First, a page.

I can't seem to figure out why the proof is false. Everyone knows that $1 \ne 2$ and that $1=2$ is only proven through mathematical fallacies.

However I can't figure out where the problem is in the following fallacy:

Observe that

$$1=\frac{2}{3-1}$$

Substitute $\frac{2}{3-1}$ for the $1$ in the denominator

$$1=\frac{2}{3-\frac{2}{3-1}}$$

Substitute again $$1=\frac{2}{3-\frac{2}{3-\frac{2}{3-1}}}$$

Therefore $1$ can be written as the infinite fraction: $$1=\frac{2}{3-\frac{2}{3-\frac{2}{3-\ldots}}}$$

Now notice that $$2=\frac{2}{3-2}$$

Substitute 2 similar to how 1 was substituted above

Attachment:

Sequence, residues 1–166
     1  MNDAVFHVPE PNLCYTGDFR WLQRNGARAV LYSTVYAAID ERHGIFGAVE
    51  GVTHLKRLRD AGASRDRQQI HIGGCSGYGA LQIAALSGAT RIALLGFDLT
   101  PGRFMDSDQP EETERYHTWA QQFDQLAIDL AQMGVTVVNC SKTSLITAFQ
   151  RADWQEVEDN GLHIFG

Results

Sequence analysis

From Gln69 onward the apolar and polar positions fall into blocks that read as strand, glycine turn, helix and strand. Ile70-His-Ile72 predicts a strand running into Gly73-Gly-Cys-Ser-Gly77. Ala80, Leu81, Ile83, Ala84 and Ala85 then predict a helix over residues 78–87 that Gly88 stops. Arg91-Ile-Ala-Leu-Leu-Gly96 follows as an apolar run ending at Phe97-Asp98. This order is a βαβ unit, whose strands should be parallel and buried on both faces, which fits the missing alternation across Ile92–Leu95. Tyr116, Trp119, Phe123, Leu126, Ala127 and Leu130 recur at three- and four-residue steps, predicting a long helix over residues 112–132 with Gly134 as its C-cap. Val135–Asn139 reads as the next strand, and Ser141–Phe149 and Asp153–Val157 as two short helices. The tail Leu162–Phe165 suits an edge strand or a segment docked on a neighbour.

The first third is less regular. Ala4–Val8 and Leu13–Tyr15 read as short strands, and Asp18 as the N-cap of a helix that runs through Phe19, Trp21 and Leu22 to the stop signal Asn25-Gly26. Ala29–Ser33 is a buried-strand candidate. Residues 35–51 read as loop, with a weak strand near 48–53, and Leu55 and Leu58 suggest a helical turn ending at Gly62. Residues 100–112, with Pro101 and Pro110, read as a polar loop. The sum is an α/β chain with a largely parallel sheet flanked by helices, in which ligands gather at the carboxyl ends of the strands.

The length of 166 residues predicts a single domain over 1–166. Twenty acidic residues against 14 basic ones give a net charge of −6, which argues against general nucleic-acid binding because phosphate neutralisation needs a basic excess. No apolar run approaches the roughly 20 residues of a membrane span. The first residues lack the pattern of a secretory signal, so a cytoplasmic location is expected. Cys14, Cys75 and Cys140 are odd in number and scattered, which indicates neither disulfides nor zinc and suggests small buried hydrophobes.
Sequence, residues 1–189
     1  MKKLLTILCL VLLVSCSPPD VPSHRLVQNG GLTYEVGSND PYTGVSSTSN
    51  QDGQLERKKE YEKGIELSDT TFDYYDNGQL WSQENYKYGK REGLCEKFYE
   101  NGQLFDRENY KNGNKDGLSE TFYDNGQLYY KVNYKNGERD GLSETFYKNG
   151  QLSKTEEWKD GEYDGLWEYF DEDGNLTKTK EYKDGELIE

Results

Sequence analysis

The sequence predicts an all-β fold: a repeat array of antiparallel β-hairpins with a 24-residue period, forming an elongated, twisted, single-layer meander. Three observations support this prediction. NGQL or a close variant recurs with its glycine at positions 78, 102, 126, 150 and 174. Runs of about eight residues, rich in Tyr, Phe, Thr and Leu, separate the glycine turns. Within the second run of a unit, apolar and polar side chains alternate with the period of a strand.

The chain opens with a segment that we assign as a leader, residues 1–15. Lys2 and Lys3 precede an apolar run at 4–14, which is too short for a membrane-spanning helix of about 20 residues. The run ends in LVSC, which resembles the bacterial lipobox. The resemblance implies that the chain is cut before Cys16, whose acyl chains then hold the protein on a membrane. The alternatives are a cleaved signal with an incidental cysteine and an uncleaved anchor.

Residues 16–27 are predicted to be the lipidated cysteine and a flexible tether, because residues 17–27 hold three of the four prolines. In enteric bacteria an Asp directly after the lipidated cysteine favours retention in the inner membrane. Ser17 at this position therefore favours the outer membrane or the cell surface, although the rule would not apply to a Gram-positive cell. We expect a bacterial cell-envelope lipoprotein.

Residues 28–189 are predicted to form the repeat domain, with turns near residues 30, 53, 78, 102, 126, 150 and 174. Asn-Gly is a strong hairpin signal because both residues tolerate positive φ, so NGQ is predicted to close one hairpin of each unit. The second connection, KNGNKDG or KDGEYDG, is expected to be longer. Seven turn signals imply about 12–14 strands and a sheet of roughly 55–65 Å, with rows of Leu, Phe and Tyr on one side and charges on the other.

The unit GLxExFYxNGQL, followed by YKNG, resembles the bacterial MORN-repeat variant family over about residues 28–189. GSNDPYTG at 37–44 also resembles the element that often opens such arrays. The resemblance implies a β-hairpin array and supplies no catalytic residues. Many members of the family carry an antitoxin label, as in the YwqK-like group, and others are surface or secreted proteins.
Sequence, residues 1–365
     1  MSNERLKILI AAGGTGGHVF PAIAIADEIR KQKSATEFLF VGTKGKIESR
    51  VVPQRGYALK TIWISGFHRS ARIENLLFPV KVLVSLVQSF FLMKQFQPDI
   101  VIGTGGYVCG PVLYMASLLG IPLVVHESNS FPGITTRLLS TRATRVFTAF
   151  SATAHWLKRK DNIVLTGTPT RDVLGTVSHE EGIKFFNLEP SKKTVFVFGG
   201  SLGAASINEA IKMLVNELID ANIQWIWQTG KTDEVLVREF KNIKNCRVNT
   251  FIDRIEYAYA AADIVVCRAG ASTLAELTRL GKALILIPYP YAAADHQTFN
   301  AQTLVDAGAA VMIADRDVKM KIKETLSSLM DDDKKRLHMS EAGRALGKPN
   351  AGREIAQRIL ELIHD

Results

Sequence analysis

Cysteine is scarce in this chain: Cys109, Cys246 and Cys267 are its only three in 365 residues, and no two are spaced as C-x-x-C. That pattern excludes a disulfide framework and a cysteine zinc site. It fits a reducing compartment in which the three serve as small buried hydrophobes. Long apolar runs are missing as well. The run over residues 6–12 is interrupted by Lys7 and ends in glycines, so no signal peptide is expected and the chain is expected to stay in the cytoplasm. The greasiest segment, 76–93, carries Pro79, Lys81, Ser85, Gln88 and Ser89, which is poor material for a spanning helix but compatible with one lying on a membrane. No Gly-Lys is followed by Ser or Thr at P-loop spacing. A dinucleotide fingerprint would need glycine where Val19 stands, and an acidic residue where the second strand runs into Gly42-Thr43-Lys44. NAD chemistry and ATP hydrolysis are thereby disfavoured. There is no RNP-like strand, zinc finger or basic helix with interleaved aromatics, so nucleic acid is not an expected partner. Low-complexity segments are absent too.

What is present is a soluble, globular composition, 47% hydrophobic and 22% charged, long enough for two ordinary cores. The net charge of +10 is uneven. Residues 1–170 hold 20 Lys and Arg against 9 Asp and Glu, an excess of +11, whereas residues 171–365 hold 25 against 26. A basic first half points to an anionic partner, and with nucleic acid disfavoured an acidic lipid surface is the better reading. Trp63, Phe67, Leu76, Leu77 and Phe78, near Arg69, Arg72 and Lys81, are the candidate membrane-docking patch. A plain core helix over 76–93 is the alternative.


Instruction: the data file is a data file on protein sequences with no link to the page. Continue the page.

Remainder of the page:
$$2=\frac{2}{3-\frac{2}{3-2}}$$

And through repeated substitution we get $$2=\frac{2}{3-\frac{2}{3-\frac{2}{3-\ldots}}}$$

Notice that $1=\frac{2}{3-\frac{2}{3-\frac{2}{3-\ldots}}}$ and $2=\frac{2}{3-\frac{2}{3-\frac{2}{3-\ldots}}}$

Therefore, $1=2$

Just looking at this I know that it cannot be true. But they both seem to share the same infinite fraction, so what is it that I am missing?